What a Wonderful World of Tai Chi

Catherine Brenner and John Carrier Demonstrate Push Hands (photo by Sheila Harrigan)

On a sunny day in the park, you may have seen groups of serene-looking people moving gracefully through a coordinated set of movements. You were probably watching people practicing Tai Chi — and it’s coming to the Honest Weight Food Co-op, too! The Co-op is offering a second, free Introduction to Tai Chi class on Wednesday May 23, from 12:30-1:30. The class is limited to twelve students and is open to the public. The Co-op offered its first introductory class on May 16, 2018.

What Is Tai Chi?

Tai Chi, or Tai Chi Chuan as it is more formally known, is an ancient Chinese martial art that was historically used for self-defense and is now more widely practiced for its health benefits. Tai Chi refers to the balance of yin and yang, and Chuan means ‘fist’ or ‘boxing,’ which reflects its basis as a martial art.

People are drawn to Tai Chi to improve coordination, flexibility, balance, strength, stamina, and concentration. While you would want to obtain your physician’s approval, Tai Chi for health classes can accommodate people of any age and ability level including those with physical limitations. Unlike most Western exercise, Tai Chi is a mind-body discipline that focuses on slow, smooth, continuous movement. Tai Chi is a moving form of Qi Gong. Qi Gong includes a variety of practices to cultivate life energy.

World Tai Chi and Qi Gong Day

Participants share Tai Chi symbol of strength, friendship & humility, from left to right: Regina Odom-Swinney, Kathryn McKee, Cindi O’Bryan, Deb Dorsey, Madelon Herzog, Sheila Harrigan and Earl O’Bryan (Photo by Andrew Axler)

World Tai Chi and Qi Gong Day is an annual event held on the last Saturday of April in 80 countries. It started in 1999 with a motto of “One World….One Breath.” On April 28th, I joined others at the Bethlehem Public Library for World Tai Chi and Qi Gong Day activities organized by the Asian Arts Group in Albany. Catherine Brenner, Librarian and Tai Chi Instructor extraordinaire, along with Lorraine Noval of the Asian Arts Group, kicked off the event with everyone joining in a Qi Gong meditative practice.

After moving our energy, we formed into groups of people mixing those new to Tai Chi with those more experienced to practice three Tai Chi family styles, Chen, Sun and Yang. Everyone had the opportunity to move from one group to another. Chen is the style that set the framework for all the styles that followed. Yang is one of the most popular family styles world-wide. Sun style is a basis for many Tai-Chi-for-health options, including evidence-based forms designed to help with arthritis and fall prevention. After Tai Chi, we calmed our minds through a Wu Ji Qi Gong energy practice, and moved on to conversations and refreshments.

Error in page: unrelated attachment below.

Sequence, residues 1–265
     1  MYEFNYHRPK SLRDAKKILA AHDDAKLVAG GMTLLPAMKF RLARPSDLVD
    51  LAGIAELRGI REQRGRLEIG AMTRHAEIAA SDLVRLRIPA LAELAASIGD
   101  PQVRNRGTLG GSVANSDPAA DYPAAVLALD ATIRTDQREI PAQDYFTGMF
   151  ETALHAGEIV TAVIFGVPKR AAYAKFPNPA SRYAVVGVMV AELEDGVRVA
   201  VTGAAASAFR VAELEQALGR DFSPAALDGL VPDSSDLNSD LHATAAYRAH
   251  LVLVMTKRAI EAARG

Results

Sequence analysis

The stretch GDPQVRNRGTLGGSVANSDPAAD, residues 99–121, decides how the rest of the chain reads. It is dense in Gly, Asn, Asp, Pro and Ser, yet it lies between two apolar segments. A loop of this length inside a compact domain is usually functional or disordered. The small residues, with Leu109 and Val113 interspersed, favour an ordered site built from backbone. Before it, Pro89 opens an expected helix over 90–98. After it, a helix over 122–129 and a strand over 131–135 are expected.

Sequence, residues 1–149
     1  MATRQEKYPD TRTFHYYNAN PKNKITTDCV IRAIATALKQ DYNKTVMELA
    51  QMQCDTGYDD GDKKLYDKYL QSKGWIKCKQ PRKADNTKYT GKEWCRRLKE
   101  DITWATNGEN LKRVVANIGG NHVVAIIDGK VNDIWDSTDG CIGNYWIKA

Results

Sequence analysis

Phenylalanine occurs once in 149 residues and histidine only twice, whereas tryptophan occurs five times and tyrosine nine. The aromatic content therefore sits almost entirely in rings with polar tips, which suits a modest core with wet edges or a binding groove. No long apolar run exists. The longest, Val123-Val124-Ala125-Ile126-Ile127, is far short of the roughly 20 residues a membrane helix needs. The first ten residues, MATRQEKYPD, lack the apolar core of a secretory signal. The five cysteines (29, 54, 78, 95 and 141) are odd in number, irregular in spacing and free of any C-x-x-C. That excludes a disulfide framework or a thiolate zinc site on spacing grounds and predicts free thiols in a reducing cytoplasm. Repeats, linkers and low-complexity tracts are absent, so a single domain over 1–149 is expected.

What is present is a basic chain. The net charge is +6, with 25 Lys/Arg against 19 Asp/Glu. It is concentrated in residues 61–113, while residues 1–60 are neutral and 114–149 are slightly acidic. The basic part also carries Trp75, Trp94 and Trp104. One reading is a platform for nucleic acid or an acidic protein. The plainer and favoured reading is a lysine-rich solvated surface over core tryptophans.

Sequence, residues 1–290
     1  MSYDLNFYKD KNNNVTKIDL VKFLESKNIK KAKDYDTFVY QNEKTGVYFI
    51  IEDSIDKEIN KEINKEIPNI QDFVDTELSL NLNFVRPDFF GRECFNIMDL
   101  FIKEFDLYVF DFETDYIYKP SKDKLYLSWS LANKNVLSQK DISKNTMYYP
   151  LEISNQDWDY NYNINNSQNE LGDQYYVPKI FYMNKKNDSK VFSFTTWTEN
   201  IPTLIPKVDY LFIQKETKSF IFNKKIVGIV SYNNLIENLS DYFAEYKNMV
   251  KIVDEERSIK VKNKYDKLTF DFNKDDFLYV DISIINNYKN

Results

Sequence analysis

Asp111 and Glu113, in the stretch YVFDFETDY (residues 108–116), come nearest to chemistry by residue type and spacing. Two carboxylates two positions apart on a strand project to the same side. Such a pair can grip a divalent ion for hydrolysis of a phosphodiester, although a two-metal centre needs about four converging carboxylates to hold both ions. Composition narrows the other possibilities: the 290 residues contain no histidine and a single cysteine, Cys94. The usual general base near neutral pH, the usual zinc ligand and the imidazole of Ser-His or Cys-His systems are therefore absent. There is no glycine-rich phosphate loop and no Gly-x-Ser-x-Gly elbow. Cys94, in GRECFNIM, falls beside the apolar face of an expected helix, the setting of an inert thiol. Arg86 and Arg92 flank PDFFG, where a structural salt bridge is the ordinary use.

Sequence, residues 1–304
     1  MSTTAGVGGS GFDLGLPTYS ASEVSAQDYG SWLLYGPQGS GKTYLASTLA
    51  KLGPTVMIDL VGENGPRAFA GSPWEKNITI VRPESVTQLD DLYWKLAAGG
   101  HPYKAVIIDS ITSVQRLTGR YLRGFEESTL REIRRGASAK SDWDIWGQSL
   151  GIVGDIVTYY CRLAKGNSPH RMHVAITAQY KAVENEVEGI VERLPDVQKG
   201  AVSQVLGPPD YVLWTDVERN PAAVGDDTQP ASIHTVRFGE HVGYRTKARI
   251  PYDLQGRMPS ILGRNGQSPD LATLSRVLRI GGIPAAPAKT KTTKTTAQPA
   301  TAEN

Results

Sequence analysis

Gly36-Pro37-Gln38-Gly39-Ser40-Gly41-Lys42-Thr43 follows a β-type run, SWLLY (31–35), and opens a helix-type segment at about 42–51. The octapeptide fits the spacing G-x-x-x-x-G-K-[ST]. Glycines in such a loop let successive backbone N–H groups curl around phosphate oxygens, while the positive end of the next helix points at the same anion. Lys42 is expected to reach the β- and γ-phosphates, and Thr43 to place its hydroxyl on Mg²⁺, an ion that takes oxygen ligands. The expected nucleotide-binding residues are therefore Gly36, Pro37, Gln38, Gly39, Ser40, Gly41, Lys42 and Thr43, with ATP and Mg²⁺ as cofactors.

Learning More About Tai Chi

To learn more about Tai Chi health benefits, read Tai Chi Medical Studies and Tai Chi Research Articles. There are also many free on-line introductory Tai Chi lessons, including Tai Chi for Beginners, which provides a lesson as well as general information.

However, it is best to learn Tai Chi in-person where instructors can provide both expertise and feedback. Introductory lessons like those offered at the Co-op on May 16th and 23rd, are also often found at local libraries, fitness clubs, senior centers, and retirement communities. A wide range of excellent ongoing classes and schedule options for beginners and advanced students are also available at local Tai Chi Centers for a fee.

While many people come to Tai Chi for health benefits, they stay because it is fun. Groups that practice Tai Chi together over a period of time get to know each other and find social opportunities at special events, such as Chinese New Year celebrations, summer picnics, special skill building workshops with Tai Chi masters, and World Tai Chi Day.

As mentioned, if you are interested in a taste of Tai Chi, the Co-op is offering its second, free Introduction to Tai Chi class on Wednesday, May 23, from 12:30-1:30. The class is open to the public but limited to 12 students. Please register in advance at HWFC events or in-person at the store’s Service Desk. Enjoy this gentle Tai Chi practice to begin a journey to calm your mind, and improve balance, coordination and flexibility.

Sheila Harrigan has been a Co-op member-owner since 2012 and started in the Wellness Department on Central Avenue. In her current role, she greets customers with samples of tasty foods and beverages as a service to the Marketing Department. She has played Tai Chi for eight years and continues to practice as both a student and as a certified instructor. (Ed. Note: The practice of Tai Chi is described as playing and practicing.) When not practicing Tai Chi, Sheila works on social services policy issues and plays the ukulele.